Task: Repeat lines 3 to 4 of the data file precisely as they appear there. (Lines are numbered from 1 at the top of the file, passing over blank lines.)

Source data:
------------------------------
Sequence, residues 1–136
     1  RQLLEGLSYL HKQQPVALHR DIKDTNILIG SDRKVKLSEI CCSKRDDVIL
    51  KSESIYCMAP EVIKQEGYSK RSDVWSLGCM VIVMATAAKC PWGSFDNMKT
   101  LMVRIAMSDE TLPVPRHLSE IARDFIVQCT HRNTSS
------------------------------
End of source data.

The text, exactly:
    51  KSESIYCMAP EVIKQEGYSK RSDVWSLGCM VIVMATAAKC PWGSFDNMKT
   101  LMVRIAMSDE TLPVPRHLSE IARDFIVQCT HRNTSS